HONOLULU — The rentable electric scooters that have popped up around Honolulu are not legal, city officials said.
Mayor Kirk Caldwell sent a letter to the company called Lime last week, telling it not to deploy the scooter-sharing program.
But the company on Friday rolled out the scooters anyway, Hawaii News Now reported .
"This kind of company coming in from outside of our state, disrespecting the laws that we have in place, I find outrageous and it's not the kind of thing you want in a city like this," Caldwell said.
Riders unlock the scooters using a smart-phone app and then leave them wherever. The scooters aren't tied to docks or charging stations.
Caldwell said there have already been problems with the scooters being left around the city.
Police officers in Waikiki have been picking up abandoned scooters as lost property and storing them until an owner claims them.
"They're in our bus stops, causing ADA problems, they're on our sidewalks, people can trip on them," Caldwell said. "They're in the Ala Wai Canal. They're in our parks. What they're doing is clearly illegal."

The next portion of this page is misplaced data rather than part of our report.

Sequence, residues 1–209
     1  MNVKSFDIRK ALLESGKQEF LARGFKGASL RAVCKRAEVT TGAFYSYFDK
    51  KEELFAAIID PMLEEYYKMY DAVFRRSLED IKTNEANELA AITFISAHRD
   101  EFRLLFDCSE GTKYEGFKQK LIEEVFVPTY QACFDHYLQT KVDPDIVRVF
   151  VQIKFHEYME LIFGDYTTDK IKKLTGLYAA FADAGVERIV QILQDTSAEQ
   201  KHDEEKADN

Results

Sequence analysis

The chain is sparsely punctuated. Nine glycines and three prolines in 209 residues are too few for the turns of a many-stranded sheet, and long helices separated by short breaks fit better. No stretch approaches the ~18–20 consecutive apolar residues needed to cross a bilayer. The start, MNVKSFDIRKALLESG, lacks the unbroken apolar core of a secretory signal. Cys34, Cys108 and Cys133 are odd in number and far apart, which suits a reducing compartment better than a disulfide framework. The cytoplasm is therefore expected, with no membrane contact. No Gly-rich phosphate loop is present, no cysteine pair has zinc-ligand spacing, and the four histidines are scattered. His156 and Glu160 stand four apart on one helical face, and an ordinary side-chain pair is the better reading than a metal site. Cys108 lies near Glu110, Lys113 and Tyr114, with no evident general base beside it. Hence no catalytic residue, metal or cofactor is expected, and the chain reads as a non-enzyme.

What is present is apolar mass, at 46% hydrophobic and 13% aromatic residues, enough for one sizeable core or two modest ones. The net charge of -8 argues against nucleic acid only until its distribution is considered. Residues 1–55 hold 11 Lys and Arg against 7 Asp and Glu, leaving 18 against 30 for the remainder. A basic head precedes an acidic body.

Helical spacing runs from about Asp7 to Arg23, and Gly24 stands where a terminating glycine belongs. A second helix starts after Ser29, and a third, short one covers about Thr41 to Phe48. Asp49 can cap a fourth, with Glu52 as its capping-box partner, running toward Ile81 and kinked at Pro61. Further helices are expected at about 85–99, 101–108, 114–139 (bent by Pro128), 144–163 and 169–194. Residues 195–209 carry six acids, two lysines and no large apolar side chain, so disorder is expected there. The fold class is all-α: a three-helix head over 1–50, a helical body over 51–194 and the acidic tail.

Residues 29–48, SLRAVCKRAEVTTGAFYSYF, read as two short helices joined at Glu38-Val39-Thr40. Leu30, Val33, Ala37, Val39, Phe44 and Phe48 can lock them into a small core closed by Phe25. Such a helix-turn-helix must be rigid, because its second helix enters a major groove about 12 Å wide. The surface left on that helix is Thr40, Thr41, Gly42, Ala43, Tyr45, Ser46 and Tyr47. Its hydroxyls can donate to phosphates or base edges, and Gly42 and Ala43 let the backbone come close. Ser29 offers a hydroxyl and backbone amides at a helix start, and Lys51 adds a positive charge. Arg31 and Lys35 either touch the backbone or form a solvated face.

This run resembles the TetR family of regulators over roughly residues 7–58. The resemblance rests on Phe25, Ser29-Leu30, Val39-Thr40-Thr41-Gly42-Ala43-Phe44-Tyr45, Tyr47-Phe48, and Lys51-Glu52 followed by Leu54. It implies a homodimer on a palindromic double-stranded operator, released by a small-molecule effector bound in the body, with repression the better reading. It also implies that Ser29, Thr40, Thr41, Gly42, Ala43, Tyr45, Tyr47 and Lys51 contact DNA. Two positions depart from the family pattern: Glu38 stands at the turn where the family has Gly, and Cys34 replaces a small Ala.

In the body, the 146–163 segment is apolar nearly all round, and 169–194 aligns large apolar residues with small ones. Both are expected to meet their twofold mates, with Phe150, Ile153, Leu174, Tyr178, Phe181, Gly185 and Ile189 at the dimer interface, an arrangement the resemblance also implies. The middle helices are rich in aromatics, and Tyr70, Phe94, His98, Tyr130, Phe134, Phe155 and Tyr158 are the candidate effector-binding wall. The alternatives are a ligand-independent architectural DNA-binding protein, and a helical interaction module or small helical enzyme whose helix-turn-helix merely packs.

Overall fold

The concept is so new that city officials say they weren't ready for the program. But Lime disputes that it wasn't authorized to roll out the scooters, saying it worked closely with officials over the past several months to design the program.
On Monday, Lime issued an appeal to residents to support the operation so the company continue operating.
"If you enjoy riding Lime and want to make sure Honolulu continues to have affordable, convenient and clean transportation options, we need you to take just a moment to send a message to your city councilmembers sharing how important this new smart mobility option is and how it's helping transform how you get around town," the company said.
Company officials said they believe the launch of their pilot program is permitted, as long as it's safe and consistent with city ordinances.
The company said people have already taken more than 1,400 rides in Honolulu.